The Safeguarding and Risk Management Hub

The Safeguarding and Risk Management Hub (The Hub) is a freely accessible online resource providing guidance, support, advice and access to training resources in relation to safeguarding and risk management for organisations and individuals working with young people. The Hub provides a comprehensive risk management framework that can be applied to the diverse activities across the youth sector, and is intended to be a ‘go-to’ place with content drafted and maintained by safeguarding and risk experts.  

The Hub aims to promote good safeguarding and risk management practices across the youth sector. The Hub relates directly to the delivery of youth programmes and services and does not cover occupational health and safety considerations. Organisations should ensure they have access to separate competent advice regarding occupational health and safety matters.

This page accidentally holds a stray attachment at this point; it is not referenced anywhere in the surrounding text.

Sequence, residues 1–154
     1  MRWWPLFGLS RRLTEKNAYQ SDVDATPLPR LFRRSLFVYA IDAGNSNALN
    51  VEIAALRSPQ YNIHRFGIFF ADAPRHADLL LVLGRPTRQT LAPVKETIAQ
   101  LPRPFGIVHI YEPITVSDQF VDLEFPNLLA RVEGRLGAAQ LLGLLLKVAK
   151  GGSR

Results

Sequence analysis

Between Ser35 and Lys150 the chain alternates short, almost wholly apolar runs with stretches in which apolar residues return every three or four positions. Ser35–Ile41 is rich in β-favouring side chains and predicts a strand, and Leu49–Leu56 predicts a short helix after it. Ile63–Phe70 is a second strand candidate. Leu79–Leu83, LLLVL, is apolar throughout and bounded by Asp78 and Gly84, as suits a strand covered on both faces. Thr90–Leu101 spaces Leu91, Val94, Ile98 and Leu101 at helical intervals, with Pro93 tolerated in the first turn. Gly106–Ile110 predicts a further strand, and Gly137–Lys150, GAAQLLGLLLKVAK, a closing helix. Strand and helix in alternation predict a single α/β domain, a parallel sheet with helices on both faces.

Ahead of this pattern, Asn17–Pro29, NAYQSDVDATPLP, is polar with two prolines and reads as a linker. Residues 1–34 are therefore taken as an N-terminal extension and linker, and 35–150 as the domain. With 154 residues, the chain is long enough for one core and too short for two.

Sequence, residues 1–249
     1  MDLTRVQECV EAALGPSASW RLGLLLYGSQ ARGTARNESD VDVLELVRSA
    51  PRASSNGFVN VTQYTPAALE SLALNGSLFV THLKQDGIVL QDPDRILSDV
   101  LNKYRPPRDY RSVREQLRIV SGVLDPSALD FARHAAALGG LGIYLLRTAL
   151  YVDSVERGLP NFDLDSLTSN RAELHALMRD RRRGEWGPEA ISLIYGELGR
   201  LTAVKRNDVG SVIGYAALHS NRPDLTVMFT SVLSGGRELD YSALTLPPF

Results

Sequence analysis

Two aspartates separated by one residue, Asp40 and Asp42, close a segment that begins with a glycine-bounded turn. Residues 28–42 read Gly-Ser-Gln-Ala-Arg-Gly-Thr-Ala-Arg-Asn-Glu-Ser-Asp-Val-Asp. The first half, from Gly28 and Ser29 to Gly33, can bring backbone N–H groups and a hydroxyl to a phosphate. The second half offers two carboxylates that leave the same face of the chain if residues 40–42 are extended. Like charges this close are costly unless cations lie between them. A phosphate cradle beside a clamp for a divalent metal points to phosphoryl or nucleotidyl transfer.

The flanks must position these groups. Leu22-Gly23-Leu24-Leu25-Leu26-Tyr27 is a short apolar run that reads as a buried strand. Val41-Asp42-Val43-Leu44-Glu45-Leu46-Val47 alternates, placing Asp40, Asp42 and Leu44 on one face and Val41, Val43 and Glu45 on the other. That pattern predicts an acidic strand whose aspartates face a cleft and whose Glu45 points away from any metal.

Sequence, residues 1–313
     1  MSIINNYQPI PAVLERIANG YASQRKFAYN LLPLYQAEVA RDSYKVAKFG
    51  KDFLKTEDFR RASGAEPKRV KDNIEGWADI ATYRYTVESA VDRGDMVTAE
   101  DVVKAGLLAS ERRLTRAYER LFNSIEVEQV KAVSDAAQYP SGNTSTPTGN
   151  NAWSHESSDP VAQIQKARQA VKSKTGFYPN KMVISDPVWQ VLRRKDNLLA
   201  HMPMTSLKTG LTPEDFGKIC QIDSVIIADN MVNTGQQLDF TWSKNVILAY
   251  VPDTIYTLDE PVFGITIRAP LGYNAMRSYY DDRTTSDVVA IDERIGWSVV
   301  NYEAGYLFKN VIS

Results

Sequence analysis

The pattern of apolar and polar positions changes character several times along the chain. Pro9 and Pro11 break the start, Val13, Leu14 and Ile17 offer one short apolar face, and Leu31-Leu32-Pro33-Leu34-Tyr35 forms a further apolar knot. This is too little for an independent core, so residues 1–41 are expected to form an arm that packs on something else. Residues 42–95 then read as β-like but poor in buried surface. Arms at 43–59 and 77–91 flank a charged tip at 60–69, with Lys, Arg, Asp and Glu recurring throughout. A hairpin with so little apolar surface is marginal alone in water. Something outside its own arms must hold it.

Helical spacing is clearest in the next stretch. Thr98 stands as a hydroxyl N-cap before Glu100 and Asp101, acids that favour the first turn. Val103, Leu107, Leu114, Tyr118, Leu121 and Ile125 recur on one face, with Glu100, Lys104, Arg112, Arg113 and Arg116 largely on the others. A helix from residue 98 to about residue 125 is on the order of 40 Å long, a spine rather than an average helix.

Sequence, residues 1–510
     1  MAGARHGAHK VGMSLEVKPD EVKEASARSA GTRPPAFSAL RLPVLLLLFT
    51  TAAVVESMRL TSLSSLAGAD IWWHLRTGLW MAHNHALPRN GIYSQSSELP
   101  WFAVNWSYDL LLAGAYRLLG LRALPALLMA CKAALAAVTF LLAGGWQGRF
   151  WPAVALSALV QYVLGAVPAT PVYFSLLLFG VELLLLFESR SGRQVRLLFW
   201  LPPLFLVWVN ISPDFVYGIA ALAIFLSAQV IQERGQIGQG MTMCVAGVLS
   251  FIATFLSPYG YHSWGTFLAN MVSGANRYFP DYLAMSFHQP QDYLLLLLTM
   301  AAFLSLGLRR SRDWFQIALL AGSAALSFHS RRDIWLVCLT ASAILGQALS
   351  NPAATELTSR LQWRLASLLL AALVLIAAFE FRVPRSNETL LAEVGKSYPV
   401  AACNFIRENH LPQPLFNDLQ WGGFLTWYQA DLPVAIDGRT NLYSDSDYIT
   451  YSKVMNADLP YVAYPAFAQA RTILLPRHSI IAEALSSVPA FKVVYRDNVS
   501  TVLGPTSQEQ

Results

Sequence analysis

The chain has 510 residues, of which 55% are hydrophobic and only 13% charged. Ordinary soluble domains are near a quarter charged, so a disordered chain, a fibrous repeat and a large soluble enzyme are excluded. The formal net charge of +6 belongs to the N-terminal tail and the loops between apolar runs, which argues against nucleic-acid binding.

Why is it needed?  

Safeguarding young people and vulnerable adults is the most important duty of any youth worker. In response to reduced funding and resources within the sector, the national workforce has changed and this has placed greater reliance upon volunteer youth workers. The diminishing infrastructure support available to volunteers, and the organisations they work with, means there is inconsistent training, CPD opportunities and resources available across England. 

Meanwhile, the complexities of young people’s needs and risks have increased. We recognise there is a need for clarity and investment to support organisations and individual workers to develop consistent support structures of safeguarding and risk management in order to help ensure our young people have access to safe services, support and care.  

Who is it for?